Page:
This is my favorite time of the year. Starting with Thanksgiving all the way through to New Year’s there is a special feeling in the air. There is excitement and anticipation. There is a feeling of kind heartedness, generosity and gratitude. And then about this time every year, less than two weeks before Christmas, there is a feeling of stress that starts to creep in. The days are ticking down and the to-do list is getting longer. The burden of the “perfect” outdoor lights, indoor tree, Christmas card, wrapped gifts, table scape and gourmet meal start to weigh down on you. A few years ago as I hurriedly rushed around the mall, weaving in and out of people, impatiently waiting my turn in line, it hit me – this is supposed to be fun. What happened to the joy of the holidays?
Over the last few weeks, I had the opportunity to lead two journal workshops on this exact topic. I knew I was not alone in my feelings of getting so “wrapped up” (pun intended) in the day to day tasks of holiday preparation that it stopped being fun. Ever since my moment in the mall, I’ve made a conscious effort to remember joy throughout the holiday season and I wanted to share some ideas that have worked for me over the last couple years. One of our exercises was to write down what we think of when we think of the holidays. In one column we listed all the emotions that we associate with the holidays and in the other column all the physical things, like the tree, gifts, etc. After writing down everything we could think of, we looked at how the emotions aligned, or did not align, with the things that were on the list. We discussed traditions that we were maintaining that we really didn’t even enjoy. We discussed things that were on the list just because everyone else is doing them. We then prioritized the emotions and the things, which ones meant the most to us and which ones should we try to eliminate. Emotions like stress and family drama were definitely on the elimination list, but how to eliminate led to a great conversation. We talked about the work that Shawn Achor has done studying happiness. His research has shown that happiness and negativity are contagious. We have far more influence on those around us than we might realize. Our mirror neurons instinctively reflect happiness, someone smiling at you, or negativity, someone impatiently waiting for a plane, around you. (You can watch the talk here.) We concluded that family drama may be inevitable, but that we all have a choice on how we are going to approach it and what we are going to do.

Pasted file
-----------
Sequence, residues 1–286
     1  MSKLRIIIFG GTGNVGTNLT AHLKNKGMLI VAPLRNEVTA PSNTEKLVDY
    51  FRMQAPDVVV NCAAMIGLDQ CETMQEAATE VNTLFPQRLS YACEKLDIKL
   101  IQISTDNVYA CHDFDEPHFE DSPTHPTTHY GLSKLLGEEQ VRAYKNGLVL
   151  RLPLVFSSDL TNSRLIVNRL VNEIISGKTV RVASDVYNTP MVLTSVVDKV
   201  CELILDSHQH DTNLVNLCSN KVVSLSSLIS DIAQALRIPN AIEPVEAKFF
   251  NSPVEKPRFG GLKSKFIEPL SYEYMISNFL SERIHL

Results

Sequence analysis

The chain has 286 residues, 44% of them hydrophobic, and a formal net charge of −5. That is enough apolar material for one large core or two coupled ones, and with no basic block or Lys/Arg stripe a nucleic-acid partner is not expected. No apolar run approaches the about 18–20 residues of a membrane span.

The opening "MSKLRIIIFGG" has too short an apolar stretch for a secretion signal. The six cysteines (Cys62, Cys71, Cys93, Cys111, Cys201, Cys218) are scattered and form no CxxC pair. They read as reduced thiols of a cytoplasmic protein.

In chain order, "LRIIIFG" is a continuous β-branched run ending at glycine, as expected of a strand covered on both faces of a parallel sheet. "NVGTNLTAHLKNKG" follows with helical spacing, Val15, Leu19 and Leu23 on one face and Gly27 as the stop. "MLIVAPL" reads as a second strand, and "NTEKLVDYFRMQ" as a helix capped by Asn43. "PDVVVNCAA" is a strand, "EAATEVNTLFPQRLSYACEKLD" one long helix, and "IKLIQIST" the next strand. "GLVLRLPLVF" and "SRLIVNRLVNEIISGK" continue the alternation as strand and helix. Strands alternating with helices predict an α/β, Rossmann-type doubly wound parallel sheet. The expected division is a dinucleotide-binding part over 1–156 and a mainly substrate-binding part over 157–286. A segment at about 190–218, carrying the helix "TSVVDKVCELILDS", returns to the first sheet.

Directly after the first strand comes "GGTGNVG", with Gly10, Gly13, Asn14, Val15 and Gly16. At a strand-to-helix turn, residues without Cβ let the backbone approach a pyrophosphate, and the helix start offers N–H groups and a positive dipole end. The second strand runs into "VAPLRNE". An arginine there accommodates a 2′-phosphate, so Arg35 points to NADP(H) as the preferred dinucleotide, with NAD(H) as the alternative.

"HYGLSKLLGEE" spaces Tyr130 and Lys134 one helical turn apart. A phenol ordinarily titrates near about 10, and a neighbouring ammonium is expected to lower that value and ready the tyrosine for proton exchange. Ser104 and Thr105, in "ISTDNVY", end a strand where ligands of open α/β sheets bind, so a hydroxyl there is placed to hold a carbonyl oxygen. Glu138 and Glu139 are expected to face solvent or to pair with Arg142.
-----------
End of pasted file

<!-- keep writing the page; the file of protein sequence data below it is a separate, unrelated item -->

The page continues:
At the end of the workshop, I left the group with a challenge and now I’m challenging you too. Whenever you see the word “joy” use pause for a minute and check in with yourself. If you are feeling stressed, take a deep breath and reset. Let joy bring a smile to your face and a reminder for the reason for the season. You may have seen pictures of “joy” popping up on my Facebook page or others tagging me in pictures they’ve posted of joy. Yesterday a co-worker came back from lunch with a "joy" decoration for her desk (picture above). As I was driving home from work listening to a local pop station, the name of the song I had heard dozens of times, had the word joy in it and I never realized it. Joy is all around you, all you have to do is look for it.
Has the stress of the season sucked all the joy out of your holidays? I know how hard it can be and am here to help. Email me at firstname.lastname@example.org and let's set up a time to talk.
I started writing this blog because I wanted to have deeper conversations beyond "How are you?", "Busy", with other parents. Over the years I've shared personal stories, articles, authors and topics to facilitate conversations with parents about the joys and the challenges of parenting.